Using my Canon EOS 5DS R on a tripod at 24mm and ISO 100, I added a 6-stop soft graduated filter over the sky and I also used a Lee Little Stopper to slow down the exposure to 2.5 seconds, knowing the water would then be smooth enough to show the reflection of the clouds.
Choosing a portrait orientation gave space for the sky and created a more minimal image, and the muted light meant I could shoot in the middle of the day. Post-processing was minimal – local edits to texture, clarity, and exposure.
Wild weather is exciting for seascape photography, but sitting in the dark, with rain hammering down and wind rocking my car, I did wonder if I’d made the wrong call on this morning.
The tide was on its way out, but the strong wind was blowing the waves in all directions across the beach, and I wanted to capture that sense of movement. Pushing my tripod deep into the sand for stability, I stood in the water so the waves rushed in around me.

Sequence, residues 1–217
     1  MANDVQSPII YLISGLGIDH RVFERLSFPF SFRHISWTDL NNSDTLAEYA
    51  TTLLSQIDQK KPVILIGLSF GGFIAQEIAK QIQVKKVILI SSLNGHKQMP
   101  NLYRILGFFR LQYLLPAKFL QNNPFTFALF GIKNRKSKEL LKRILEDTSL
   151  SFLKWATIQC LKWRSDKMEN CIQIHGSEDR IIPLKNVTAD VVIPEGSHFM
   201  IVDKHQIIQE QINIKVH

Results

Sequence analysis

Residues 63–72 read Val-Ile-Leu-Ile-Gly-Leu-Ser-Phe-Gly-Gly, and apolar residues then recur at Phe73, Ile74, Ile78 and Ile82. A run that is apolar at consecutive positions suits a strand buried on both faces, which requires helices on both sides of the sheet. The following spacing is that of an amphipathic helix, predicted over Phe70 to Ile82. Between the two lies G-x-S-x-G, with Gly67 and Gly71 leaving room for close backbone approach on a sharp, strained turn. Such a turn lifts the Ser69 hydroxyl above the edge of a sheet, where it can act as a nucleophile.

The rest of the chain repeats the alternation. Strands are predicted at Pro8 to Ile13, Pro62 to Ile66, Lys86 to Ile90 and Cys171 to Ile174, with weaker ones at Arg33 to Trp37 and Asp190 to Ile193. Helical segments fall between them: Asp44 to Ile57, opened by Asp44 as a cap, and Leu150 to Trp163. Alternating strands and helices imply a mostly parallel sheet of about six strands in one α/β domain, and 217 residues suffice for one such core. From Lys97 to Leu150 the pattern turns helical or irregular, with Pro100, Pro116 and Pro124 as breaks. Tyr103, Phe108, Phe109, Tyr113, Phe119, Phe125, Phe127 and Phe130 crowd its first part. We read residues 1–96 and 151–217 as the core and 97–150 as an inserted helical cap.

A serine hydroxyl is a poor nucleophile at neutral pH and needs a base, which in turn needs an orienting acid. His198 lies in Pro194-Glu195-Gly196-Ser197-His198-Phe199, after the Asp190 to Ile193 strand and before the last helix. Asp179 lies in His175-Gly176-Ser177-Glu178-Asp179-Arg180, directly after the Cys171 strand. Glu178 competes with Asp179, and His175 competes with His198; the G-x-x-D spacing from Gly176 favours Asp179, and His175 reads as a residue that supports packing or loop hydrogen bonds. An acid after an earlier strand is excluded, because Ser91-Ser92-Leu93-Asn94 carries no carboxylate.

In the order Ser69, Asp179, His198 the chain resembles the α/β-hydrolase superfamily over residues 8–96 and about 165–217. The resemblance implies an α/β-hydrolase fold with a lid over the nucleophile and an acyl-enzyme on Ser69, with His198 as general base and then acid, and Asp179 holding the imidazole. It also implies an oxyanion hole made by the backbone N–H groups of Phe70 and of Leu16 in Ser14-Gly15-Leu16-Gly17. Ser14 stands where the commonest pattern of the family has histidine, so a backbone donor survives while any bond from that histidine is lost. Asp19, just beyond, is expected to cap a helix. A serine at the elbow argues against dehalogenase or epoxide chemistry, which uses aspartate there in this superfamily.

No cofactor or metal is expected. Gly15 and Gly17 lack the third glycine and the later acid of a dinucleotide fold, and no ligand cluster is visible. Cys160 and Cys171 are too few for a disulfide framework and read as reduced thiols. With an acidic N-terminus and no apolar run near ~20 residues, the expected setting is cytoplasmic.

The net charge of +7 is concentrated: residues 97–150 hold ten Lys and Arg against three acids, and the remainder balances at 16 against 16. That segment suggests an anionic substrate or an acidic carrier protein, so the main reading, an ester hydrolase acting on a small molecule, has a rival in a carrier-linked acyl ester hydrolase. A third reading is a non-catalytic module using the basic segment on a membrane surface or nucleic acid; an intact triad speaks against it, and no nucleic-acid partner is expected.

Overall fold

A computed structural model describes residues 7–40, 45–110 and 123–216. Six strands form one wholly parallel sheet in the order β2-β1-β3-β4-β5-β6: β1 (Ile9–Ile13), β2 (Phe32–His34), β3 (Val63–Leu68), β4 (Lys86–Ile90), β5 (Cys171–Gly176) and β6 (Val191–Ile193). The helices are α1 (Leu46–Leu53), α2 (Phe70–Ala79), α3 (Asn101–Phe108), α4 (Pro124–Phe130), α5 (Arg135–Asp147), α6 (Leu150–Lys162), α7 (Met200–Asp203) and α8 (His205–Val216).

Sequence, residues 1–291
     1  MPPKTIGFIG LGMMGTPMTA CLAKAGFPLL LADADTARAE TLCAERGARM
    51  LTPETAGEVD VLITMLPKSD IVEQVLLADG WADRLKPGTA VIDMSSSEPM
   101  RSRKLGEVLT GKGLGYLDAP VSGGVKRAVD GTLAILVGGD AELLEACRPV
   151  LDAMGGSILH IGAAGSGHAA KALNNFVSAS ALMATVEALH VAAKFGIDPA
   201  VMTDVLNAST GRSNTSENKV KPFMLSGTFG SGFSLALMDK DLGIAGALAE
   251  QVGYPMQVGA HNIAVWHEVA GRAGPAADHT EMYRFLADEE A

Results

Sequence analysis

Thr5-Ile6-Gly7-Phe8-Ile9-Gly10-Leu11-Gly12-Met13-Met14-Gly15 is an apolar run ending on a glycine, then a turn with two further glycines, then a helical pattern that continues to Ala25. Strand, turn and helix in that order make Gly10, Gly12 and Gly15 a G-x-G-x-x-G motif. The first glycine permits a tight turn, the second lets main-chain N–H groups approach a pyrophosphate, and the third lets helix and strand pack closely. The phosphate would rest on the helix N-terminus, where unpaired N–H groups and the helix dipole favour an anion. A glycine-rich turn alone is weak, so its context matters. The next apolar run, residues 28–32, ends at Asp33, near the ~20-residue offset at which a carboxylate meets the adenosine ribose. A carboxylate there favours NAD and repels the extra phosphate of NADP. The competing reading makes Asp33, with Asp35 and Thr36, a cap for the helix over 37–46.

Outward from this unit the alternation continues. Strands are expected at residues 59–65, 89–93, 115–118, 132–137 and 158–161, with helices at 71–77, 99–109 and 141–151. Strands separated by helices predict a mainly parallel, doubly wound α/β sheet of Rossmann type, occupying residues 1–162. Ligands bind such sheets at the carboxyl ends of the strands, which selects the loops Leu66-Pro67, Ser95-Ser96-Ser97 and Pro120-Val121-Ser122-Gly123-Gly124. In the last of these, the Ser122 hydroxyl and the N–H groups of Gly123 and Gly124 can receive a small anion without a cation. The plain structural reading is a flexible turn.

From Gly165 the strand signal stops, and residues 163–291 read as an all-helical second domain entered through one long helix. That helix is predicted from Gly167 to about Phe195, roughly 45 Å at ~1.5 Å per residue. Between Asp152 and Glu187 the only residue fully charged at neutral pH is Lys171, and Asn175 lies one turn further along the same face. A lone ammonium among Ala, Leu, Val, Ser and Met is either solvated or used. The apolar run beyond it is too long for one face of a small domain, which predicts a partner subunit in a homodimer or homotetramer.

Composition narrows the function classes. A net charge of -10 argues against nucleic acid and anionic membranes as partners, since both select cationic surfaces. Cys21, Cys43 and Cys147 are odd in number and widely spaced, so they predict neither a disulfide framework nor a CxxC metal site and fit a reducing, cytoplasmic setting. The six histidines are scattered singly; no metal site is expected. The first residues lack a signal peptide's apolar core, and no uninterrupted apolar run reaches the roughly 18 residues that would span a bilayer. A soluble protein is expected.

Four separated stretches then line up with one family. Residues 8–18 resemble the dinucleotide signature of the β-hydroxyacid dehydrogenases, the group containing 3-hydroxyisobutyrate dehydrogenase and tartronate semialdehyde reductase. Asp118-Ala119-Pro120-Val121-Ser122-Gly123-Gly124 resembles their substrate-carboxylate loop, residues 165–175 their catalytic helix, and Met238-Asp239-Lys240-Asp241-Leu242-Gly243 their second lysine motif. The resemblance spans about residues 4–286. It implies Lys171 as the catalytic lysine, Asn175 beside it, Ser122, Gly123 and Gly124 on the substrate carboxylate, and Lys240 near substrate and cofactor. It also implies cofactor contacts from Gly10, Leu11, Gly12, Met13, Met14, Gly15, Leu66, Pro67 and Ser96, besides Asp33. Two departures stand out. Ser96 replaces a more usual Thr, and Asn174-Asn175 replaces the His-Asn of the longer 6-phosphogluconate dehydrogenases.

I chose ISO 50, with a focal length of 24mm in portrait format to include the bank of cloud as well as the foreground wave pattern. A shutter speed of 0.3 seconds recorded detail and the shape of the incoming waves. With a remote shutter release I could gauge when to take the shot, aiming to line up the curve of the waves with the cloud above St Michael’s Mount.
To convey the drama and exhilaration of the morning, I converted it to black & white in Lightroom with minor contrast edits.